FOR IMMEDIATE RELEASE
Episcopal Diocese of Maine
November 4, 2009
Bishop of the Episcopal Diocese of Maine, the Rt. Rev. Stephen T. Lane, responds to Question 1 election results
[PORTLAND, Me.] — Bishop Stephen T. Lane has issued the following statement on the passage of Question 1:
“Yesterday, Question 1 provided each of us with the opportunity to exercise our franchise, to express our support for the right of same-gender couples to be afforded the full rights and responsibilities of a civil marriage or to disagree. Yesterday, Mainers chose to disagree.
Many faithful Episcopalians are deeply grieved at this decision. They had hoped that they and their families might enjoy the recognition and protections afforded heterosexual couples. The rejection of the law also feels like rejection of them as persons. I join in their grief that the right of same gender couples to enter into a lifelong, monogamous marriage has been denied. At the same time I know there are other faithful Episcopalians who are thankful about the election results. I understand that this matter has been a matter of conscience for them. Although the question of same-gender civil marriage may be settled in Maine for now, I would remind all Episcopalians both here in Maine and across the wider Church that we will continue the conversation about these issues for years to come.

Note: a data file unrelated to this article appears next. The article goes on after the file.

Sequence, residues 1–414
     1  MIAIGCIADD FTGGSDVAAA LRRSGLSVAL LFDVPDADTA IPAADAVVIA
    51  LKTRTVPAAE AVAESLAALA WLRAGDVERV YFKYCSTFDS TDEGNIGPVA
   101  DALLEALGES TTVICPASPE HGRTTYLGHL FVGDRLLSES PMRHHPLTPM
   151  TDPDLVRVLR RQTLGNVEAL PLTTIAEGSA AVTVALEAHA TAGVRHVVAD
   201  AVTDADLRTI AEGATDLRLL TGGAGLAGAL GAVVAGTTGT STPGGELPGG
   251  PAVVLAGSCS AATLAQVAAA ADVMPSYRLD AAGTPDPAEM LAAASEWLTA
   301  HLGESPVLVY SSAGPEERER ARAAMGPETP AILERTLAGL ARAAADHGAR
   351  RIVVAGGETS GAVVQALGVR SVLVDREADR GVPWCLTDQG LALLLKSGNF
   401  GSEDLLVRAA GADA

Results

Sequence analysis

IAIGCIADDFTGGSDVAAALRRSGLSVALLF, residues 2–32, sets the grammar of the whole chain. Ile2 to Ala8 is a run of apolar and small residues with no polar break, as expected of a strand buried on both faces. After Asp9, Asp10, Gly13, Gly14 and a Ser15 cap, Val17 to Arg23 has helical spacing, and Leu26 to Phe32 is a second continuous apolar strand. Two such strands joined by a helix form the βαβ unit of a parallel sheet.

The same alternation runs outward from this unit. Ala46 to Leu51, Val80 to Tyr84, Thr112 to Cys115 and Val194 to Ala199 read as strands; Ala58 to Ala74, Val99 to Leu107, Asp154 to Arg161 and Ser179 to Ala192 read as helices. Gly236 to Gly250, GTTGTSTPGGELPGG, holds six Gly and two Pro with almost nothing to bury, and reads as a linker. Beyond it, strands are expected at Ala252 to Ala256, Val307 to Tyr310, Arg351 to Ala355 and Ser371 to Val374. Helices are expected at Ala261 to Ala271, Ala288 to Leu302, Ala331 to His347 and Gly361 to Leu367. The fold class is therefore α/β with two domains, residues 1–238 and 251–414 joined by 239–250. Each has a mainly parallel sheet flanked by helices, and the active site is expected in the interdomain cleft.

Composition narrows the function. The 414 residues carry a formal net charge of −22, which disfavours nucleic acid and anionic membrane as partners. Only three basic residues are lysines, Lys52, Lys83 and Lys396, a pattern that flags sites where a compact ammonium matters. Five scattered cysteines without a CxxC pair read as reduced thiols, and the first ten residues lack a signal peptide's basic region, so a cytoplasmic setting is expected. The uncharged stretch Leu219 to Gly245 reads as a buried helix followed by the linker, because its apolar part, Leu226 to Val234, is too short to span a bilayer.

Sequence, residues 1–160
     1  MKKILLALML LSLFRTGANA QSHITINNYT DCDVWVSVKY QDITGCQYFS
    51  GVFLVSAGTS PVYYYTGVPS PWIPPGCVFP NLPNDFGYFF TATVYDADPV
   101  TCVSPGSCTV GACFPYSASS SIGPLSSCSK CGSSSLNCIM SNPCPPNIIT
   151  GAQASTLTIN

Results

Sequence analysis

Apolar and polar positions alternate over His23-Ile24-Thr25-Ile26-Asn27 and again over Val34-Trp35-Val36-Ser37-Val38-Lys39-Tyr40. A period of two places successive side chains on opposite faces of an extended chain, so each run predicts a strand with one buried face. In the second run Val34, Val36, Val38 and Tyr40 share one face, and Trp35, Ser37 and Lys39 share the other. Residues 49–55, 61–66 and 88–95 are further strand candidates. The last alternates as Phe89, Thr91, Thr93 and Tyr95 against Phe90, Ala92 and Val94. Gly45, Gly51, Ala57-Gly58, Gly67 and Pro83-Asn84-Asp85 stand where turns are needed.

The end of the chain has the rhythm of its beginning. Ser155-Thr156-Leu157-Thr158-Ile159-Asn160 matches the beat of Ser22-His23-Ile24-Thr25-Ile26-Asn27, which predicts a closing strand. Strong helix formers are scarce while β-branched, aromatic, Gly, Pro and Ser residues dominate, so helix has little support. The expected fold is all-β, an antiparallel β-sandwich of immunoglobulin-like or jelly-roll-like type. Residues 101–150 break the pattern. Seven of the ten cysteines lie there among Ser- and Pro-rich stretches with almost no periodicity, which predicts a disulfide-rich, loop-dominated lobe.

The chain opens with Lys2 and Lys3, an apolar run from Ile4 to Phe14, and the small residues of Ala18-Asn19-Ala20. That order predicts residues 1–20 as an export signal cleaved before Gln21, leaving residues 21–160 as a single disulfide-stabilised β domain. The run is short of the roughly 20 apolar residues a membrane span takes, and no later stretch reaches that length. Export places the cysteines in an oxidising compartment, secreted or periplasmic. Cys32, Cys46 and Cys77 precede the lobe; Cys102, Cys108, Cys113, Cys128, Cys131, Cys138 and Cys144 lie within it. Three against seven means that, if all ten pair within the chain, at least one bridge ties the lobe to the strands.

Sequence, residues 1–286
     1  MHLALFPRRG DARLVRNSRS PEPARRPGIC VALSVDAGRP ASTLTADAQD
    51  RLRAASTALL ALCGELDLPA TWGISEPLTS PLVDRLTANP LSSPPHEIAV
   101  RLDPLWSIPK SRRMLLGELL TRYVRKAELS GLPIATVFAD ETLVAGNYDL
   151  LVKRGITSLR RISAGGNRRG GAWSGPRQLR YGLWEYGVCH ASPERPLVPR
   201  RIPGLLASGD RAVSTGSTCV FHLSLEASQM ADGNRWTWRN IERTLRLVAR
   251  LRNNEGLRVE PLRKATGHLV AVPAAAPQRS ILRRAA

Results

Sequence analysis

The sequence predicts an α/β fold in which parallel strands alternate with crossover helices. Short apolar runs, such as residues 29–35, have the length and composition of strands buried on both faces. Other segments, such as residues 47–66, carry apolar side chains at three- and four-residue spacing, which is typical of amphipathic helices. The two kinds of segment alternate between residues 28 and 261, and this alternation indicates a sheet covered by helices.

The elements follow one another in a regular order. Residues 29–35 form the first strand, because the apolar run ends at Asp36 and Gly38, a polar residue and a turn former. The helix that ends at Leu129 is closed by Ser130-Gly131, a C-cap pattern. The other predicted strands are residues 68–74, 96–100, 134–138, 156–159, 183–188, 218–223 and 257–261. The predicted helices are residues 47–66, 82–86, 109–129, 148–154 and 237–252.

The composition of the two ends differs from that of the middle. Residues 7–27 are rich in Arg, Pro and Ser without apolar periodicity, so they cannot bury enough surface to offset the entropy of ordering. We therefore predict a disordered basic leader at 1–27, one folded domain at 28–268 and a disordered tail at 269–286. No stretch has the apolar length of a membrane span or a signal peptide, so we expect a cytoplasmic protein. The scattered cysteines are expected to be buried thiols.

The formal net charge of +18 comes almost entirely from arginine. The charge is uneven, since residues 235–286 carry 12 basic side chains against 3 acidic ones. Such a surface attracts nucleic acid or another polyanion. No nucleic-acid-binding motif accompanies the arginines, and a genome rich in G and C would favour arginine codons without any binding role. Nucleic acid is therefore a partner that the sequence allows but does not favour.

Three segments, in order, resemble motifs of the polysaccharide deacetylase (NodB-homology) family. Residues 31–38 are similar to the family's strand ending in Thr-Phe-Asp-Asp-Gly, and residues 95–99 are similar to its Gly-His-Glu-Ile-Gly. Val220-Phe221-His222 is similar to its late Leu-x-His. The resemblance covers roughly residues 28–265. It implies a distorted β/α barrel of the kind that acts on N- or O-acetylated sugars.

The Episcopal Church in Maine will continue to offer a warm welcome to all people including those for whom the results of this referendum are disappointing. Especially in this tender time, I offer our assurances to gay and lesbian Mainers that you, your relationships, and your families have our support and blessing.
After Governor Baldacci signed the Marriage Equality law last spring, I began to work on a set of guidelines for our clergy to use with legal same-gender marriage. These guidelines will not be distributed. However, I will continue to work with a small group to consider the ways we may support the faithful, monogamous relationships of faithful gay and lesbian Episcopalians.
Yesterday was a set back to be sure, but we will continue to strive for justice and peace among all people. We are in this for the long haul.
I welcome your comments and your concerns about this development in our life as Mainers and as Episcopalians. Whether you are saddened or thankful, please know that you remain in my prayers.”